A trip to the Great Barrier Reef with kids was beckoning, “come, tick me off your bucket list”.
The big question was whether we wait until the kids were ‘old enough’ to see The Great Barrier Reef to or just go ahead and take them with us? Our excuse for going right now, global warming of course! The reef might not even exist when the kids are older. Off we went to tropical North Queensland.
How does it work, taking small children to The Great Barrier Reef for the day?
Most tours consist of a 1.5 hour one-way cruise departing either Port Douglas or Cairns. Then you spend around 4 hours on a floating pontoon anchored to the reef, cruising back during the late afternoon. The pontoon acts like an extension to the boat with facilities such as change rooms, free snorkel equipment, a buffet area, covered seating areas and even a fixed underwater viewing area.
The vibe is very much that you are a tourist. All the tours we looked into were fully booked and had similar capacity. So forget visions of snorkeling all alone in the wide blue ocean. It’s more like dodging someone else’s flippers and lining up for food. That said, the tours are very smoothly run. For families, it’s perfect as you are treated to resort-style facilities and lots of activities to keep kids occupied, all the while seeing one of the natural wonders of the world.
A trip to the reef with young children is not leisurely. It’s a mad hustle; making sure everyone has gone to the loo (which is only on the boat), putting on swimming gear and sunscreen, fetching the right size snorkel equipment, and so on. It’s a lot of hectic coordination and holding the kids back because they want to dive in.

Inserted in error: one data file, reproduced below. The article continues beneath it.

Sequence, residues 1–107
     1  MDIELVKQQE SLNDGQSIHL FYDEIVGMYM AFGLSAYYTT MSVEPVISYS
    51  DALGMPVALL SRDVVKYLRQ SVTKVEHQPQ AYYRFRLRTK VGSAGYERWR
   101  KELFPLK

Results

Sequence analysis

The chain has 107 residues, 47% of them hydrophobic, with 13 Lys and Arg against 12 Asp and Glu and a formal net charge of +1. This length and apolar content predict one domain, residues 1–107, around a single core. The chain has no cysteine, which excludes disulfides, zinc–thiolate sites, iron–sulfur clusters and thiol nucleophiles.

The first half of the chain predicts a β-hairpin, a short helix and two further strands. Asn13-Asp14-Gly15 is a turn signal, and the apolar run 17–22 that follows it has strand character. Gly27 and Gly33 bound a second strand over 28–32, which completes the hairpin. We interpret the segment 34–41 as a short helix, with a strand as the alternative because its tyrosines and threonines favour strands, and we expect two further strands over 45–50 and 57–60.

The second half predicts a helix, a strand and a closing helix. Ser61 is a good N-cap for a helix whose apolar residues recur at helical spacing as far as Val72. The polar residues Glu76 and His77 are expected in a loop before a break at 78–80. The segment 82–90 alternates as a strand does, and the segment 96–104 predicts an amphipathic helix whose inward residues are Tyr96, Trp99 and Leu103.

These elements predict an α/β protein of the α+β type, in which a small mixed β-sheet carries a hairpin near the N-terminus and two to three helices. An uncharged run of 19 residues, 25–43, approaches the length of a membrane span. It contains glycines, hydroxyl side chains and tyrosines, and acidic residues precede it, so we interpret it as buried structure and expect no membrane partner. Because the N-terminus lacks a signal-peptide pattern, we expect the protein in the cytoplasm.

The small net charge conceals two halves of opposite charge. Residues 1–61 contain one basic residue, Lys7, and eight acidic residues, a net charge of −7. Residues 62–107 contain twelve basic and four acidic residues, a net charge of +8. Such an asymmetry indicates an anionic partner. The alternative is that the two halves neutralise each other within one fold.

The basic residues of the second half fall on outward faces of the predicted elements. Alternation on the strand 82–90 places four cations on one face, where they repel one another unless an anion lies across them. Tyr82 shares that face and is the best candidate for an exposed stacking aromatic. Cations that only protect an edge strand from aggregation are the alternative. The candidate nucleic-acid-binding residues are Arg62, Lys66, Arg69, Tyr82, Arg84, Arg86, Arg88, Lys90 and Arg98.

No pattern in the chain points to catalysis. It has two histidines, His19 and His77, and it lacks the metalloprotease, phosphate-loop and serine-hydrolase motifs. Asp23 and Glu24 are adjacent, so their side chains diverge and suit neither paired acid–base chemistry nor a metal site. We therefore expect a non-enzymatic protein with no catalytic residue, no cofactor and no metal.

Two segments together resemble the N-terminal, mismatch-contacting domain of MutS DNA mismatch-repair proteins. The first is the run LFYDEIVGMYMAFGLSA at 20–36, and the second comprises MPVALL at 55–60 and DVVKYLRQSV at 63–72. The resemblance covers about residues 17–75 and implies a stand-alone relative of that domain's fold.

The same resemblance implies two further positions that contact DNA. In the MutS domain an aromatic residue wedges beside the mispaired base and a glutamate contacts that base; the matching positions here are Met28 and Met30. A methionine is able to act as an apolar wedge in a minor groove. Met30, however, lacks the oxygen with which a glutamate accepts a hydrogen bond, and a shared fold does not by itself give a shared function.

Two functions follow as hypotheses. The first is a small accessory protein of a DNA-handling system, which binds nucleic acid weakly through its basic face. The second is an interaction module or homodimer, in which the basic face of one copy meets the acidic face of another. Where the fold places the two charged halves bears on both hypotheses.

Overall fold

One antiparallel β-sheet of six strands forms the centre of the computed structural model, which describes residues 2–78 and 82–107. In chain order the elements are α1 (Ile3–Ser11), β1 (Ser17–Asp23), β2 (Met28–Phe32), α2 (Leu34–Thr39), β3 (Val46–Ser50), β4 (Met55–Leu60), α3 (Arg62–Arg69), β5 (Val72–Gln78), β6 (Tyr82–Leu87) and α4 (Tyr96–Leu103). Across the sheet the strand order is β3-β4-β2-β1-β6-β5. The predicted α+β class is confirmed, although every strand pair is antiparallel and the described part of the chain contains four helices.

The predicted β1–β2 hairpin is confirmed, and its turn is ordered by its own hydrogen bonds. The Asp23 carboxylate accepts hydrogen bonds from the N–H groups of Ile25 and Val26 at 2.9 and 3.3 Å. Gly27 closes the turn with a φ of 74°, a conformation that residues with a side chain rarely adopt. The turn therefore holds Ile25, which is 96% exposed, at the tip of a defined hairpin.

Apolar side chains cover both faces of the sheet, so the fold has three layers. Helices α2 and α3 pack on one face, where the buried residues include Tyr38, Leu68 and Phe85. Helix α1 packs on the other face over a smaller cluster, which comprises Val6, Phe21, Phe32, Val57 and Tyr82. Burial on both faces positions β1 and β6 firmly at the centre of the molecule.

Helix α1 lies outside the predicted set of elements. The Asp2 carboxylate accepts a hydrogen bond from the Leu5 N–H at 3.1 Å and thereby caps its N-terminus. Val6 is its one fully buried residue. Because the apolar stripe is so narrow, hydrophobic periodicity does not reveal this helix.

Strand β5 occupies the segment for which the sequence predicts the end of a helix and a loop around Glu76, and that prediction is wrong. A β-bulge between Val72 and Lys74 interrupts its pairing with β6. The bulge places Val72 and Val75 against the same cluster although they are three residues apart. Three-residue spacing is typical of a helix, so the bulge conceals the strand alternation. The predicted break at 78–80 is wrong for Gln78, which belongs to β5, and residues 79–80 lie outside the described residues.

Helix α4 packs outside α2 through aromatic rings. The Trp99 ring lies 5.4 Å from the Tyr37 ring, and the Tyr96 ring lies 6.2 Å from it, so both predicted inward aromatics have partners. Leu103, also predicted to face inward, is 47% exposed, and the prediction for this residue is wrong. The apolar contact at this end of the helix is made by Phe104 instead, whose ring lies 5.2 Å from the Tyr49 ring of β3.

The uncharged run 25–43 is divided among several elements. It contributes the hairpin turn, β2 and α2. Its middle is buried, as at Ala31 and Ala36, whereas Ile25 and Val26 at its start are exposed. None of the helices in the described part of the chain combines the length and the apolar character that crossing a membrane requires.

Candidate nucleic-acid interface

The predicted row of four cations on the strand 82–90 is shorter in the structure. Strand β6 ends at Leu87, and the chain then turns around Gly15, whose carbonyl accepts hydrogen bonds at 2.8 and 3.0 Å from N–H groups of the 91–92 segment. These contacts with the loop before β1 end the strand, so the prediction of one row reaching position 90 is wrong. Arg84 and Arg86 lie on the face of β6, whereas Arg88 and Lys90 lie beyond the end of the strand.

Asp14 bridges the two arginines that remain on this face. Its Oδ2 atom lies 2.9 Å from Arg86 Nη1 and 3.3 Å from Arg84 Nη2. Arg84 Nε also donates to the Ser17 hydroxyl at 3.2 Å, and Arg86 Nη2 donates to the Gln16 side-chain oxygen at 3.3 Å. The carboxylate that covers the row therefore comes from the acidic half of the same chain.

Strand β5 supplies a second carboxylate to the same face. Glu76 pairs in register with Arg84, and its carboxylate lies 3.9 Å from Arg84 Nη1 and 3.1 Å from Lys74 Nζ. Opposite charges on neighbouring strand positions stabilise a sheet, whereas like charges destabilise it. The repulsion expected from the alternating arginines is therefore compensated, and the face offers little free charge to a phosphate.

Once you are set up, it’s awesome out there. By tag-teaming your activities, like going for a snorkel, you get a chance to be kid free! This works really well as one person is left making sure the kids don’t drown, whilst the other gets to explore the reef. If you swim out far enough; you do get that little moment of feeling like you and the abundant fish and marine life are the only ones in the ocean.
As for the parent on duty, it’s a non-stop keeping-them-busy job. One option is a semi submersible tour around the reef. Included in the package. A buffet lunch is a good time filler as well. Fish feeding is pretty awesome; these huge fish sneak up from the under the pontoon and do a manic feed. There’s also a platform in the water where snorkelers put their gear on where the kids can splash around. On another tour, they offered a a small caged wading areas for toddlers to safely play.
If I learned anything about snorkeling with the kids at the reef, it’s probably that you should make a test run before you go. The tour was equipped with everything you needed,but it’s just a matter of getting our kids use to the heavy vests, the masks and, for Liam, how to breathe through the snorkel. He swallowed a whole heap of sea water and there were tears. So it ended as quickly as it started. Layla was also a little non-plussed with being in the water, which was a little chilly at the time we went. It’s not that exciting for them. They can’t really check out the sea life.
However, of all the places I’ve dived and snorkeled,The Great Barrier Reef really did live up to my expectations. Amazing soft coral, schools of different fish, cool things like giant clams and huge groupers. The time flies out on the reef and before you know it, you are having a cup of tea, cruising back, and spotting whales.
Keep an eye out for my downloadable 10 days in North Queensland, a sample itinerary on things to do, places to go, and where to stay.
Have you been to The Reef with kids? Any tips, advice or insight. Please comment below.